Authoring Software

Authoring Software

A Lesson by Evin

Software technical writers use


If you’ve done any research on the various types of authoring software out there, I’m sure it has sent your head into a tailspin. What do technical writers really use? Which one is the best? Which one will suit your needs? What do employers prefer?

One of the most important factors to keep in mind is whether your documentation will be in print only, webhelp only or both. I don’t advocate one software over the other but, I’ll discuss just a few of them along with the pros and cons that I have personally found with those listed. These are also authoring softwares that I have used myself and by no means include all that are available out there. I’d highly recommend for you to conduct some research of your own to find out which ones might work best for you, along with the industry you choose to enter.

I have listed the current cost of each of the softwares I discuss. The costs are really most applicable to the freelance tech writer, so they may appropriately be factored into your start-up budget. Cost probably won’t be an issue should you choose to work for an employer, as they generally provide the needed software.

Let’s delve into my preferred print authoring softwares first:

§   Adobe FrameMaker (

§   Microsoft Word (

Adobe FrameMaker is a great “What You See Is What You Get (WYSIWYG)” software, meaning that it will appear in print, the same way it appears on the screen. Perfect for print manuals, it simply requires the setup of a master page and your paragraph tags. Set those two up and you can basically sit down and start writing. The only disadvantage that I personally noticed, was that your master page creation can take a bit of time if you have no training in master page creation however; Adobe luckily offers some great training resources. You can also find some great forums and blogs that discuss Frame. Most of these resources (at least the ones I found) were free and extremely helpful. Frame is also great for importing images. You can anchor them to your paragraphs to prevent them from moving around or skewing when you place your documents into Portable Document Format (PDF).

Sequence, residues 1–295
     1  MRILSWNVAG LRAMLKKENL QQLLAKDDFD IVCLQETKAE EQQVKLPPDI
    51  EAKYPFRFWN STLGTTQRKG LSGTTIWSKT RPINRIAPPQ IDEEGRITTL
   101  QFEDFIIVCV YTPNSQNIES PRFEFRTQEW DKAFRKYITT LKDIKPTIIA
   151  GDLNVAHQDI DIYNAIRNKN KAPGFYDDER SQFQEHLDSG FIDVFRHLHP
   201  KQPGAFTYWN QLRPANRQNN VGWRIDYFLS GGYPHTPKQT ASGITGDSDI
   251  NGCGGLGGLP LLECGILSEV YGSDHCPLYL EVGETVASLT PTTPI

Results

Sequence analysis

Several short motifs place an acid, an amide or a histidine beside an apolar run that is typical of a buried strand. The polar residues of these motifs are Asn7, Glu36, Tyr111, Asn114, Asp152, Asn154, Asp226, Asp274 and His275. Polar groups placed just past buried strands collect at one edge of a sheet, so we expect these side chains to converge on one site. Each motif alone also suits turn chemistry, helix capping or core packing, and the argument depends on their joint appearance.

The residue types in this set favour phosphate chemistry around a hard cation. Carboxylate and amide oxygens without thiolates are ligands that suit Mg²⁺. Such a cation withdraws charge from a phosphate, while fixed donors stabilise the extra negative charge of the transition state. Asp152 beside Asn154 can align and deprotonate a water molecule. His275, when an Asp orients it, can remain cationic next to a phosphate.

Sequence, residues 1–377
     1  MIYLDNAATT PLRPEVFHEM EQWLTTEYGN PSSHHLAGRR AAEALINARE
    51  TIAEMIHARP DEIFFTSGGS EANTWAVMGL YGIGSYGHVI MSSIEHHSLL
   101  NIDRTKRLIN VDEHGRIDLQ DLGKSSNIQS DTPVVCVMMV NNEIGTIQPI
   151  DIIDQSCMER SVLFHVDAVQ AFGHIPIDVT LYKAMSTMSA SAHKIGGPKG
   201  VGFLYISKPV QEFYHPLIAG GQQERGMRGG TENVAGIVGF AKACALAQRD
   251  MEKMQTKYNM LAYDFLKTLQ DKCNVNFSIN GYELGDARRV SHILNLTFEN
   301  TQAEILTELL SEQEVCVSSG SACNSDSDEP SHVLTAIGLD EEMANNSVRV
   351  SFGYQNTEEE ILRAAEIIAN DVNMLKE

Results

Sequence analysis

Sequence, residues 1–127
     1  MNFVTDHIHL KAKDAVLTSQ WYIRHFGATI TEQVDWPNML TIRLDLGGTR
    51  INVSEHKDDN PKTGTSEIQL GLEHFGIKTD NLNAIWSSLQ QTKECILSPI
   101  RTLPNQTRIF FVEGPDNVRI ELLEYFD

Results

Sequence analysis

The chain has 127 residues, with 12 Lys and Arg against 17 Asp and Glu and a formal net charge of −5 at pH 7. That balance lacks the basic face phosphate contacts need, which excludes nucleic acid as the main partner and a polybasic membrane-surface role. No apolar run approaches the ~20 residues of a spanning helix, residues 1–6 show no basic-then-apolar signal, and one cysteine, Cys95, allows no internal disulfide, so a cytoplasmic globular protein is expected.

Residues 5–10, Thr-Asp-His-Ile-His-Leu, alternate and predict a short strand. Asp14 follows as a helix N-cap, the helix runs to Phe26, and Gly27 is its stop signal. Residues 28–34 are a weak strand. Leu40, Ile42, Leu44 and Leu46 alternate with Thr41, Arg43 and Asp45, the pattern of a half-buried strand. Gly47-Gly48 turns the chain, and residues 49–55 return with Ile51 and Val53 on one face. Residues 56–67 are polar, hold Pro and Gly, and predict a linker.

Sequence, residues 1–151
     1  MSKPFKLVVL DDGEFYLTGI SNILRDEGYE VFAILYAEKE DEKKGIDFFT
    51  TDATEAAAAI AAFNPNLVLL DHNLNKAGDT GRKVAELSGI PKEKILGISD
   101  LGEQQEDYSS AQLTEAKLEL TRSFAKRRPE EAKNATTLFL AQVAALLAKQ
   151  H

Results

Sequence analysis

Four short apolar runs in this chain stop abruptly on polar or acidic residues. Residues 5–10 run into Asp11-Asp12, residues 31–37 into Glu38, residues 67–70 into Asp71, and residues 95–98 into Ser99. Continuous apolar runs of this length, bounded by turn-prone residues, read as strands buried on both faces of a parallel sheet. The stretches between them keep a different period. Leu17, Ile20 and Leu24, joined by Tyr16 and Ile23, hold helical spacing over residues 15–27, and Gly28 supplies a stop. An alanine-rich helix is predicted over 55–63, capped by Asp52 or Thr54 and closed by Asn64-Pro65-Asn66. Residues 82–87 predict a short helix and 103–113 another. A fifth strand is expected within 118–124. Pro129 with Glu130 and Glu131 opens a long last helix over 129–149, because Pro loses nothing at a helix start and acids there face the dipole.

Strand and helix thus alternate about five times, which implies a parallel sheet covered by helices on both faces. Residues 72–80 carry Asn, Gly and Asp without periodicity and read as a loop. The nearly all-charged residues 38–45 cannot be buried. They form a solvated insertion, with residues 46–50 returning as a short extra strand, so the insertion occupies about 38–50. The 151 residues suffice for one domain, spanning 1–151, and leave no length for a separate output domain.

Just as a quick side note…you will more than likely create a PDF of all of your Frame documents. The reasons for this will be that most engineers and SMEs will not have Frame installed on their machines. As a result, they will need to view a PDF of your document in order to review it. Your guides may also be available to your end-users for download. This is where the PDF document comes in very handy.


Back to Frame…it is a great authoring tool however, depending on your budget, the price can be pretty steep. As of the day I write this booklet, the cost for FrameMaker 11 (the newest version) is $999.00. As far as learning the software before you actually use it, Adobe generously offers free, 30 day trials. This is a great opportunity to familiarize yourself with the software and to get a feel for whether or not it will suit your needs before actually making a purchase.

Frame can also be used to create online documentation, so if you feel you may eventually be going that route, you may want to keep this in consideration.

Microsoft Word is the choice for some employers and freelancers in creating print documentation. It is very similar to Frame in that you can set up your paragraph tags, and then sit down to write. It’s not necessary that you do this however. It does come with a standard set, but I would highly recommend creating your own for customization sake. It’s not absolutely necessary to customer however and considering that most people have a basic knowledge of Word, it’s easy to sit down and start typing away.

Also like Frame, Word docs can easily be printed into PDF and in fact, is highly recommended. Due to the popularity of Word, you’ll find that most people have it installed on their machines. As a result, others can make unwanted changes within your documentation. This of course, is something that most tech writers want to avoid for obvious reasons.